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Microsoft Exceeds Wall Street Predictions With Better Than Expected Revenues

In what can be seen as a positive sign for Microsoft, the software giant has beaten Wall Street expectations by posting a net profit of $3.57 billion in its first quarter.

However its profits were 18 percent lower than those it achieved in the first quarter of 2008 and even its total revenue figures has seen a significant decline of 14 percent in the same relative period.

The revenue figures for Microsoft stood at $12.92 billion which is significantly higher that what many analysts have predicted and the company is hopeful of drastically improving its performance in the coming quarter with the launch of Windows 7.

Expressing his view on the performance of the company Chris Liddell, the CFO of Microsoft mentioned "We are very pleased with our performance this quarter and particularly by the strong consumer demand for Windows. We also maintained our cost discipline, which allowed us to drive strong earnings performance despite continued tough overall economic conditions."

A lot of how Microsoft will perform in near future depends on the sale of its flagship product Windows 7 and going by initial reception it is receiving amongst computer users; things do look quite promising for the software giant.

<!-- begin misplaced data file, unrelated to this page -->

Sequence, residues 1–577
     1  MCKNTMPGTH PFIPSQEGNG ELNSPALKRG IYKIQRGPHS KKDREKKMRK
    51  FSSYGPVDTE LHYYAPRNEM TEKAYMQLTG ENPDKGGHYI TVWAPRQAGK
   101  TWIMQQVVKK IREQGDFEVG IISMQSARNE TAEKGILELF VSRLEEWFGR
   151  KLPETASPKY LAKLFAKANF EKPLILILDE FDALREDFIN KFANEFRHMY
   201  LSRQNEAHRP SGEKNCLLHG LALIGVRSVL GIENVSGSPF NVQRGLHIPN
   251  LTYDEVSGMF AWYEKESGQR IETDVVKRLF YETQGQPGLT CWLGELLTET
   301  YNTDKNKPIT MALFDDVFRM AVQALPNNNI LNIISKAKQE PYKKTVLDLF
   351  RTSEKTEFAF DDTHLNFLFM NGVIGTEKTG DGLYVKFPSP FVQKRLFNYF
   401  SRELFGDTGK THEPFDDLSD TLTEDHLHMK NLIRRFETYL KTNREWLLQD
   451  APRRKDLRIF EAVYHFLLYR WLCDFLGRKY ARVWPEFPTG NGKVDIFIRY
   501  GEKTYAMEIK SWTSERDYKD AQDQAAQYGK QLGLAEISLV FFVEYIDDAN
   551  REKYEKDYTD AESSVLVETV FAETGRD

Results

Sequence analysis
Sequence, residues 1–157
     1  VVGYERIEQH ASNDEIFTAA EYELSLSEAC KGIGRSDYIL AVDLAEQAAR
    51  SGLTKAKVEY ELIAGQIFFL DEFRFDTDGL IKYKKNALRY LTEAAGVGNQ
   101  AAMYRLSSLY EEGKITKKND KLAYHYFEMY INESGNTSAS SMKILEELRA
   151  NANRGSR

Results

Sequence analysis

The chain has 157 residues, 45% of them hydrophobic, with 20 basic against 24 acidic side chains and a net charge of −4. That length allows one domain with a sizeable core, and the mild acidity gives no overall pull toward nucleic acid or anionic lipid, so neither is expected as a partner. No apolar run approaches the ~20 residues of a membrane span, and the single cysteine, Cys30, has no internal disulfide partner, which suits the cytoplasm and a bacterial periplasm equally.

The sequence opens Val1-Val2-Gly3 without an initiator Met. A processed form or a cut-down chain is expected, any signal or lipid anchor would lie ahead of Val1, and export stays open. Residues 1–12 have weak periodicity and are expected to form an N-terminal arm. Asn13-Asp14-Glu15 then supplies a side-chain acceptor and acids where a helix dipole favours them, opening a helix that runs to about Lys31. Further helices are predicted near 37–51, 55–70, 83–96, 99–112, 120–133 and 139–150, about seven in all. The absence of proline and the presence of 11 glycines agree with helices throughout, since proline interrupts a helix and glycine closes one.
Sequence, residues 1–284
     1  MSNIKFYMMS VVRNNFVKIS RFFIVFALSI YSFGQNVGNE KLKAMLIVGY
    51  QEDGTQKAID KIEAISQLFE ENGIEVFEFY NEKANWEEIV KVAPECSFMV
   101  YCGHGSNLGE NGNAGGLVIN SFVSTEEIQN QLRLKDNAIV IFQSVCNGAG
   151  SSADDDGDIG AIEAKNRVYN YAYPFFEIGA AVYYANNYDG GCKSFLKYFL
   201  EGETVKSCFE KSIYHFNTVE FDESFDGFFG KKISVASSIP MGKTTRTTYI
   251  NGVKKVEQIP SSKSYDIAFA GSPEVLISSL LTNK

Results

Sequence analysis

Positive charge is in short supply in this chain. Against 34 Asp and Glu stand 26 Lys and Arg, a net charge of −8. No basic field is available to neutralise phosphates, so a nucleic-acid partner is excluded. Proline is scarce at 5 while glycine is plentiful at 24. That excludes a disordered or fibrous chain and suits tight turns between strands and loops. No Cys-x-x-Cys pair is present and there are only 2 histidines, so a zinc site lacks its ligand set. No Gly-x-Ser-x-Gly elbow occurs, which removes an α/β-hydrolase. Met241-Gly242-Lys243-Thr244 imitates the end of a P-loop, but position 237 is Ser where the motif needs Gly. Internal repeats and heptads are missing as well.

Our Comments

Decrease in profits while revenues increase means that margins are under heavy pressure. Fortunately, the launch of Windows 7 worldwide, coupled with Windows Server 2008 and the soon to come Office 2010 means that the next few months are probably going to be significantly better.

Related Links

Microsoft pins hopes on Windows 7 as profits fall

(Forbes)

Microsoft quarterly results better than expected

(dailytech.com)

Microsoft net profit down 18%, beats expectations

(AFP)

Microsoft Q1 sales pays price for Win 7 launch

(The Register)

Désiré has been musing and writing about technology during a career spanning four decades. He dabbled in website building and web hosting when DHTML and frames were en vogue and started writing about the impact of technology on society just before the start of the Y2K hysteria at the turn of the last millennium. Following an eight-year stint at ITProPortal.com where he discovered the joys of global tech-fests, Désiré now heads up TechRadar Pro. Previously he was a freelance technology journalist at Incisive Media, Breakthrough Publishing and Vnunet, and Business Magazine. He also launched and hosted the first Tech Radio Show on Radio Plus.